Chesterfield loses bid for Talgo factory that could have created thousands of jobs

Chesterfield has narrowly missed out in a bid to bring a new train factory to the town that would have created thousands of jobs.

Spanish train manufacturer Talgo today (Wednesday 14 November) announced it has selected Longannet, in Fife, as the location for its new factory ahead of the former Hartington Colliery site, between Staveley and Barrow Hill.

Chesterfield Borough Council had been working for months with a range of public and business sector partners to bring the factory to the area, which would have created 1,000 jobs directly, with another 4,000 in the supply chain.

Councillor Tricia Gilby, leader of Chesterfield Borough Council, said: “While we are hugely disappointed that the bid hasn’t been successful Talgo was really impressed with Chesterfield and the bid that was put together.

“Because of this they have said that they are keen to work with the area to potentially bring an innovation centre to Barrow Hill, recognising the strengths we have in terms of skills, education, research and technology.

“I’m also hopeful that the highly skilled businesses in the local area that already supply and support the rail sector can win contracts with Talgo as it enters the UK market.

“We’ll work further with Talgo to find out more detail about their aspirations for an innovation centre and what this may mean for the borough.”

Chesterfield beat off competition from around 30 sites to get to the last two of the Talgo shortlisting process.

Councillor Gilby added: “We’ve worked with 14 partners, including the landowners, universities and companies working in the rail sector, to bring all the area’s expertise and experience to the table when preparing this bid and that is a real strength that we can offer other potential investors.

“The site is already being remediated so it will be ready for other development opportunities. Although we have been unsuccessful on this bid we hope that other manufacturers will see the potential of the site and other opportunities to create jobs in the area will come from it.

“Indeed we have already had interest from other manufacturers off the back of the Talgo bid. Like Talgo, they recognise that the site has great potential for manufacturing because it is in a central location with 23 million people within two hours travel, has excellent road and rail connectivity, ready access to a good supply chain of businesses, with research and innovation facilities nearby and a skilled local workforce.”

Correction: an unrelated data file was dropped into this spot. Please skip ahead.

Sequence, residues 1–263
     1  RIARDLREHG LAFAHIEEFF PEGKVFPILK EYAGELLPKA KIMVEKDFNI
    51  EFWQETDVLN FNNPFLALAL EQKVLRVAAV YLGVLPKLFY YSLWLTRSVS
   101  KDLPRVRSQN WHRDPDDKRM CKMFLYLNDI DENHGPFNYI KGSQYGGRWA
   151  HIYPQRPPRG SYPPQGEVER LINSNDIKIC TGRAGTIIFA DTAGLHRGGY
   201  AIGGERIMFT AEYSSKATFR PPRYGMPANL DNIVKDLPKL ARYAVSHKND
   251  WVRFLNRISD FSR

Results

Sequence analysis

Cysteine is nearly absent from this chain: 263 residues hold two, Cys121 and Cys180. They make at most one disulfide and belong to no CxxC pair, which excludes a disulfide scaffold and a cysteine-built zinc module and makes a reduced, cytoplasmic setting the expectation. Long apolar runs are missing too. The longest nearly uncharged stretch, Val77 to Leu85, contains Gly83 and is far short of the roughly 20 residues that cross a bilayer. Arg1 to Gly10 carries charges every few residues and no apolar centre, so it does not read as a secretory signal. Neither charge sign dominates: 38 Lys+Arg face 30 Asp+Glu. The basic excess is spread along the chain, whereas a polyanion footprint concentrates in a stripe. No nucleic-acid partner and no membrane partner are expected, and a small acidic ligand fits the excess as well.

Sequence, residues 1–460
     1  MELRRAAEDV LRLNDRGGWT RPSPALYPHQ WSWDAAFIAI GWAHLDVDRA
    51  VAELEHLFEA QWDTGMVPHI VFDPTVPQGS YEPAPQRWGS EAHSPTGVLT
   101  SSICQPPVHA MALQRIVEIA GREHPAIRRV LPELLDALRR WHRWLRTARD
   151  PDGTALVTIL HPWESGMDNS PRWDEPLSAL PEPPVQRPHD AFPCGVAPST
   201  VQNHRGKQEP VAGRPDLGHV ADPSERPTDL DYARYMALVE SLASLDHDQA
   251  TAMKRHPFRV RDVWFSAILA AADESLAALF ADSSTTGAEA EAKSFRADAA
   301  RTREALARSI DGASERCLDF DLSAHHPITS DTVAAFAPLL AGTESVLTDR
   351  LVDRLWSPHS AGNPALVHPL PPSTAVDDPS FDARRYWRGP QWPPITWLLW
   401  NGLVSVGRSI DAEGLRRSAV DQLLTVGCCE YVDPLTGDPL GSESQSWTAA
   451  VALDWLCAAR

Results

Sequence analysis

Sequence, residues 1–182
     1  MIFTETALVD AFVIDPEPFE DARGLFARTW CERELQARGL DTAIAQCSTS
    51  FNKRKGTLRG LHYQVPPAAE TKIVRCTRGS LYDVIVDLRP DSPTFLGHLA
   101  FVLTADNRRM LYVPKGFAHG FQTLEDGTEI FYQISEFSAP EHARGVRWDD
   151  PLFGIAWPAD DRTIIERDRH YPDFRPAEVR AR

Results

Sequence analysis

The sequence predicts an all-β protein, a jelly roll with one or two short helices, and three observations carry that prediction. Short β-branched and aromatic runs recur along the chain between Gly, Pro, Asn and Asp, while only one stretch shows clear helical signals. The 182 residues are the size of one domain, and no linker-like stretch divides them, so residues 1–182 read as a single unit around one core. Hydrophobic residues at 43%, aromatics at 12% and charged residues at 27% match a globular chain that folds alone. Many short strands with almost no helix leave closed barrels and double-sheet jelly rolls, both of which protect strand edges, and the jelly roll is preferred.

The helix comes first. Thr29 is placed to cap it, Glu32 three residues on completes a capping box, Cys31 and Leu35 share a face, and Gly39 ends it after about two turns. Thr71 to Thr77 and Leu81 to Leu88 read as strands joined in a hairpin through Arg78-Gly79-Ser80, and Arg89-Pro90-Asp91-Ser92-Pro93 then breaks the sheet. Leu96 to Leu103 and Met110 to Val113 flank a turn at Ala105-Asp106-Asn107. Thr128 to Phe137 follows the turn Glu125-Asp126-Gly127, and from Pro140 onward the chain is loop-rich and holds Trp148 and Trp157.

The Talgo decision will not impact on Chesterfield Borough Council’s existing plans to redevelop the former Staveley Works site area, working with landowners and Derbyshire County Council.

Councillor Gilby said: “This includes the plans for 1,000 homes, a new £50 million link road, a primary school and opportunities for other companies to base themselves in this area. It is a project that will be good for local people and good for local business.”

Sir John Peace, chairman of Midlands Engine and Midlands Connect said: “I am disappointed with the decision but will continue to support Chesterfield with its ambitious plans to regenerate the area around Staveley.

“The Midlands remains a leader in transport innovation in general and the next generation of rail development in particular, and the arrival of HS2 will be a catalyst for growth both for Chesterfield and the Midlands as a whole.”

Carlos de Palacio – President of Talgo  said “As part of Talgo’s commitment to the UK-wide supply chain, our preferred second facility – in Chesterfield – will act as a catalyst.

“I want to pay tribute to ‘Team Chesterfield’ – led by Chesterfield’s Chief Executive, Huw Bowen. The team has proved that some of the most unexpected locations can win through, if they provide a compelling case and have inspirational leadership.

“We are developing this aspect of our strategy, and continue to consult with potential partners. We will make a further announcement, once discussions have concluded.”